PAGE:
New York Natural Heritage Program
Spine-crowned Clubtail
Gomphus abbreviatus Hagen in Selys, 1878
Insects

Identifying Characteristics [-]
As their name suggests, Clubtails have an enlarged tip on the end of their abdomens, giving them a club-like appearance. Adult Spine-crowned Clubtails are stocky, 1.3 to 1.5 inches long, and have a yellow face. They have black legs and gray-blue to green eyes that are separated dorsally. Males have a dark-brown thorax with thick, yellow, dorsal (top) stripes forming a broken "U". Their sides are yellowish-gray with two narrow, black stripes. Spine-crowned Clubtails have a black abdomen with yellow appearing on segments 1-7 and yellow lateral (side) spots on segments 8 and 9. Females are similar in appearance, but have a less developed club, more yellow on their abdominal sides, and a dorsal spot on segment 10. Male terminal appendages and female subgenital plates are distinctive from other Gomphus species when examined under magnification.

Behavior [-]
Female Clubtails oviposit (lay eggs) by tapping the tips of their abdomens onto the surface of swift-flowing water while simultaneously releasing eggs (Mead 2003, Nikula et al. 2003). Male Spine-crowned Clubtails hover over riffles and perch on rocks in streams and rivers (Nikula et al. 2003). This species is extremely elusive in behavior (Donnelly 1999).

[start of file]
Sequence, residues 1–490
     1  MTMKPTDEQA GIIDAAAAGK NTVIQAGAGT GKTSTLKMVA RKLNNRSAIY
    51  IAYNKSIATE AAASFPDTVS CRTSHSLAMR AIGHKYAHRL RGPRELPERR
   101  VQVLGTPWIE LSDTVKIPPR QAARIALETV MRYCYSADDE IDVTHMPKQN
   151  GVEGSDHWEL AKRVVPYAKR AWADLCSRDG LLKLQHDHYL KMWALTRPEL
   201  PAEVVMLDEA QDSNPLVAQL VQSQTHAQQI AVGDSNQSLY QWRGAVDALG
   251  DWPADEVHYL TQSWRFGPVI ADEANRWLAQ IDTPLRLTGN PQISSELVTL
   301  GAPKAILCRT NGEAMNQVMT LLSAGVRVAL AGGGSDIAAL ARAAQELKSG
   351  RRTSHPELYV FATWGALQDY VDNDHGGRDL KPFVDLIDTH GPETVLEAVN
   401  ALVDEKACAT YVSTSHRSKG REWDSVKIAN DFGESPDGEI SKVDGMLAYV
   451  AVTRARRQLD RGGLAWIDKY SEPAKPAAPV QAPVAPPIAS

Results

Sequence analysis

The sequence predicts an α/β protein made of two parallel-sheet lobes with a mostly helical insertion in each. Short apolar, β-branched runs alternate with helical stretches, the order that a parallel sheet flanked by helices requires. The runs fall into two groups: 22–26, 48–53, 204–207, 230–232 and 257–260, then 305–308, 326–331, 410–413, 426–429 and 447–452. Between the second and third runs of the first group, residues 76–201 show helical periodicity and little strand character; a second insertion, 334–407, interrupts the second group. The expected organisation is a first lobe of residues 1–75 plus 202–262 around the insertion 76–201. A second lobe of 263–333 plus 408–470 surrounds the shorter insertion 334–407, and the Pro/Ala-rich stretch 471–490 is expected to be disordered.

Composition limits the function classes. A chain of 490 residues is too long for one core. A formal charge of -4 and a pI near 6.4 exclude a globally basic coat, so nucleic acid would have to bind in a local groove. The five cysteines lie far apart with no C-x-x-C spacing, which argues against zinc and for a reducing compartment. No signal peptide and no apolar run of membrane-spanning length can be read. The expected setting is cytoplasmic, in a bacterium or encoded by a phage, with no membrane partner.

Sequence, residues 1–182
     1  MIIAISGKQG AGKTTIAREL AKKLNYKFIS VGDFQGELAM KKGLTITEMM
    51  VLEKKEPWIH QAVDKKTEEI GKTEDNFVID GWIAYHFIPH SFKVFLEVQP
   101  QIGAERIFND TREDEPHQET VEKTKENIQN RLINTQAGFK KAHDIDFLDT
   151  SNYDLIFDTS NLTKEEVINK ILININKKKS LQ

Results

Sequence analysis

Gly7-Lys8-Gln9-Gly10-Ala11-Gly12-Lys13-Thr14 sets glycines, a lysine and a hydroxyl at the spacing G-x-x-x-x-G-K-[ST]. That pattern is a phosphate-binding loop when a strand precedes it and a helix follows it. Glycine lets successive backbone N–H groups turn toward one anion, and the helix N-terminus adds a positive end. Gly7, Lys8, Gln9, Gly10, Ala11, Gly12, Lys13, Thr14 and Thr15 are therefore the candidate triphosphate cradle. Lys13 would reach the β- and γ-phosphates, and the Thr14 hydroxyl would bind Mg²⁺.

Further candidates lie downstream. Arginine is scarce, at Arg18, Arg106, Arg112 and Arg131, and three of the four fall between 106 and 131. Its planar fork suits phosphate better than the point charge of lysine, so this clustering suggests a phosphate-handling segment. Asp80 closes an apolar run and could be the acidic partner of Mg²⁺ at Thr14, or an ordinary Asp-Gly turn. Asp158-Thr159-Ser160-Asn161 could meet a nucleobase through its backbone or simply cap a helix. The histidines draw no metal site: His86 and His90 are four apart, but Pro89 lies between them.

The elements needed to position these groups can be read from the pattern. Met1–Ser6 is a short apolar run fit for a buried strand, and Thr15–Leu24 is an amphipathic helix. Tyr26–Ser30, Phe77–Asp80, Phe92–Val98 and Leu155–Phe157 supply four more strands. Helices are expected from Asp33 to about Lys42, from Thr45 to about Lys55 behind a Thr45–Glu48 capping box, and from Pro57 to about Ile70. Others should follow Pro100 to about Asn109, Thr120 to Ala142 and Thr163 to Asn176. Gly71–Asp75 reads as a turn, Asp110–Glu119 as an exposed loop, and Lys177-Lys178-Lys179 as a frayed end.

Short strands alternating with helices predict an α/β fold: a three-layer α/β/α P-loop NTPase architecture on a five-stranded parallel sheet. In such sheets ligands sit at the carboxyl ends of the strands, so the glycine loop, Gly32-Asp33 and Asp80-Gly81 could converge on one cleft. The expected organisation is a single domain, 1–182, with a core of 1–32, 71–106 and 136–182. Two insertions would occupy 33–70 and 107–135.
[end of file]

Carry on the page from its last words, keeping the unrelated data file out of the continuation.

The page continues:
Diet [-]
Spine-crowned Clubtail larvae feed on smaller aquatic invertebrates and adults feed on insects which they capture in flight.
Spine-crowned Clubtail Images
click to enlarge
The Best Time to See
Adult Spine-crowned Clubtails have been found in New York from May through June, but could probably also be found in July (Nikula et al. 2003, New York Natural Heritage Program 2007). They are known to be the most active in late afternoon, but males could begin patrolling habitats in mid-morning (Dunkle 2000).
J F M A M J J A S O N D
Present Reproducing
The time of year you would expect to find Spine-crowned Clubtail present (blue shading) and reproducing (orange shading) in New York.
Similar Species
  • Green-Faced Clubtail (Gomphus viridifrons)
    Female Green-faced Clubtails have an all-black abdominal segment 10, while the Spine-crowned adult female has a dorsal (top) yellow spot on this segment.
  • Mustached Clubtail (Gomphus adelphus)
    The Mustached Clubtail has black facial stripes whereas the Spine-crowned Clubtail lacks these markings (Dunkle 2000, Nikula et al. 2003). The Mustached male's club is mostly black compared to the yellow lateral (side) spots on the Spine-crowned male's club (Nikula et al. 2003).